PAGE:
I recently had the pleasure of delivering a digital leadership workshop to the top team of a Fortune 50 technology player in Cannes. Located opposite the home of the famous film festival, it brought to mind the greats of the big screen; those who rose above the ranks to master their craft and have it acknowledged in a most public way.

In between day dreaming, our discussions focused on a number of critical digital era phenomena that are changing the nature of everything. We noted that while digital is moving centre stage in most organisations, the CIO and the IT function are typically not.

This is a serious problem for the enterprise IT industry, because the CIO is the most critical part of the ecosystem. The CIO is in effect an adapter between what the industry sells and what the market consumes. A malfunctioning electrical adapter will render useless even the greatest appliance. The trend towards the IT spend making its way to the consumers via departments beyond the IT function should be a concern for all parties in the ecosystem.

Some kneejerk tech players will simply dump the CIO and pursue the CMO or whoever has money to spend. What they soon discover is that these CxOs, while buyers of IT services, do not relish the prospect of being sold features by account managers who have no idea why their offerings are of potential interest.

It is my view that to optimise the IT industry ecosystem, we need to make the CIO the interface for all technology-related services. It is also a matter of governance. But as we know, the nature of being a CIO is morphing, and not every CIO feels comfortable about the new expectations, particularly when the old expectations are still expected.

Here is a way forward that will both reduce your workload, thus freeing up cognitive capacity for more CIO 2.0 activities. And make you more strategically relevant to the organisation, to boot. The approach can be encapsulated in two words: 'Ask why'.

The problem with being a hamster on an ever-accelerating wheel is that your primary focus is on keeping up. There is little time to question the rationality to the requests imposed on you by the business. You may have read a few 'IT alignment' books and actually believe that the users are king and doing what is asked of you is called good service.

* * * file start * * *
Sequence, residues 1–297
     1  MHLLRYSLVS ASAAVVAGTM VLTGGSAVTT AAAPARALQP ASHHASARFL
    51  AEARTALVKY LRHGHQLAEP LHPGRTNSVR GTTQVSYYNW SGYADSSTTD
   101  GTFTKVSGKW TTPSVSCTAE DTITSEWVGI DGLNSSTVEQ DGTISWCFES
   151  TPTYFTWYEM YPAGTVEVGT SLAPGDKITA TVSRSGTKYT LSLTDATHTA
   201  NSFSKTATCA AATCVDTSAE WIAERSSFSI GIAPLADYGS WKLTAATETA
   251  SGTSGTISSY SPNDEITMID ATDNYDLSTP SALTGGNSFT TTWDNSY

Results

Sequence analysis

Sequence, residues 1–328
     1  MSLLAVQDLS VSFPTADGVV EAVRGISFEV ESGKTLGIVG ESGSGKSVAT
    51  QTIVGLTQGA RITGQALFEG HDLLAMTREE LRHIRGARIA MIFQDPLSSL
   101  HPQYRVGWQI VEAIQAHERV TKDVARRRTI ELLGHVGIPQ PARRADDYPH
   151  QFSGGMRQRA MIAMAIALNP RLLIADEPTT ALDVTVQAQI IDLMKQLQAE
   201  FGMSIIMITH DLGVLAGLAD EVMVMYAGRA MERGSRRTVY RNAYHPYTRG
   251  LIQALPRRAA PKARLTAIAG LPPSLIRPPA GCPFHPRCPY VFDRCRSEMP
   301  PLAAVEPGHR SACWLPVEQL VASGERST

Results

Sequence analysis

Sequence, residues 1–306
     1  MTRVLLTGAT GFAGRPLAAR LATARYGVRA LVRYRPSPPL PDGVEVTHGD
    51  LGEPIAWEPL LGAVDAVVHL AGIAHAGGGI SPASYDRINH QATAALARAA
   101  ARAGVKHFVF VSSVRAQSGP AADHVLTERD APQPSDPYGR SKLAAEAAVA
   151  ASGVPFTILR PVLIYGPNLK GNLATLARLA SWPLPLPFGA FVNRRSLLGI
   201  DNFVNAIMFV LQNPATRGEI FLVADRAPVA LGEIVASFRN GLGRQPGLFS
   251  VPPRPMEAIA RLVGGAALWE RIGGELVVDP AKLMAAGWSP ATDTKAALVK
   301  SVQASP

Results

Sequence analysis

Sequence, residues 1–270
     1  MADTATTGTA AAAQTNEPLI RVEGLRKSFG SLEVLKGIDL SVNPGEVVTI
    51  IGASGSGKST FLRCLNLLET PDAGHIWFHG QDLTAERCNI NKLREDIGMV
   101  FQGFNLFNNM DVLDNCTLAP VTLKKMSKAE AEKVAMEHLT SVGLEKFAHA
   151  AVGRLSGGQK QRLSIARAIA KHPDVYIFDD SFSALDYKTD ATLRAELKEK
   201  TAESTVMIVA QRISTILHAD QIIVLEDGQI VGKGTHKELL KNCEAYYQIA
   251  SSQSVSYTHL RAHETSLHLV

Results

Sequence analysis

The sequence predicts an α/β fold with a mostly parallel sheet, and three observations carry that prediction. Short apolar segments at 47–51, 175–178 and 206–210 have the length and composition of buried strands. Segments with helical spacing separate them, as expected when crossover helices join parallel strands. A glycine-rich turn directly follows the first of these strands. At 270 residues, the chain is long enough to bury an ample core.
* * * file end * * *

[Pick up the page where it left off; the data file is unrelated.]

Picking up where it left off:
I strongly encourage you to challenge everything that is asked of you, within reason. Demanding to know why the users insist on having a working network would be taking my advice too far.

However, often systems and services are asked for where the request:

  • Cuts across the business strategy.
  • Replicates what already exists.
  • Feels like there is a technology vendor ventriloquist sitting very close by, wearing a surgical glove.

There are a number of benefits to asking the question:

  • Money will not be wasted.
  • You develop a more intimate understanding of the users' needs, and how they map onto the corporate imperatives (or not).
  • Your IT function moves from build / break-fix to a more business advisory role.
  • You can provide board level feedback in terms of what you are learning in respect of how the business strategy is being interpreted.
  • It preserves both the business and technology architectures of the organisation.

At first this might seem akin to the supermarket checkout assistant refusing to sell the customer the industrial-sized container of low grade chocolate, on the basis that it will damage their health. So expect pushback. It would be wise get the CEO on-board before you challenge the users.

But let's imagine this exercise hasn't given rise to being banished from the checkout, coupled with a demotion back into the warehouse (aka data centre abyss). Your challenging behaviour has become an organisational habit. Money is being saved. Security breaches are dropping. The CEO feels as if she is on top of a very significant element of spend.

Now it's time to ramp it up. For phase two you will need to internalise three words: 'Ask why not'. We live in an age where technology 'toys' very quickly become disruptive 'threats' and soon after 'table stakes'. It makes a lot of sense for the IT function to be the organisation that introduces the business to what these new technologies can do. Alternatively, the business can wait until it discovers what these technologies can do to it in the hands of competitors.

'Why not', I believe, is the destiny for the IT function. Rather than reactive supplier management, the game becomes proactive demand creation. Showing the users how 3D printing, augmented reality and so on could turn the organisation from 'prey in waiting' to predator, will be much appreciated by the leadership team. The CEO will soon start to perceive you as a co-creator of strategy, rather than a functional operative.

These little words might even result in you developing celebrity status among your boardroom peers and the users. As word gets around, your 'why not' mantra will become known by both your CIO peers and the whole IT industry ecosystem.

Who knows, you could find yourself nominated for the tech sector's equivalent of the Palme D'Or?!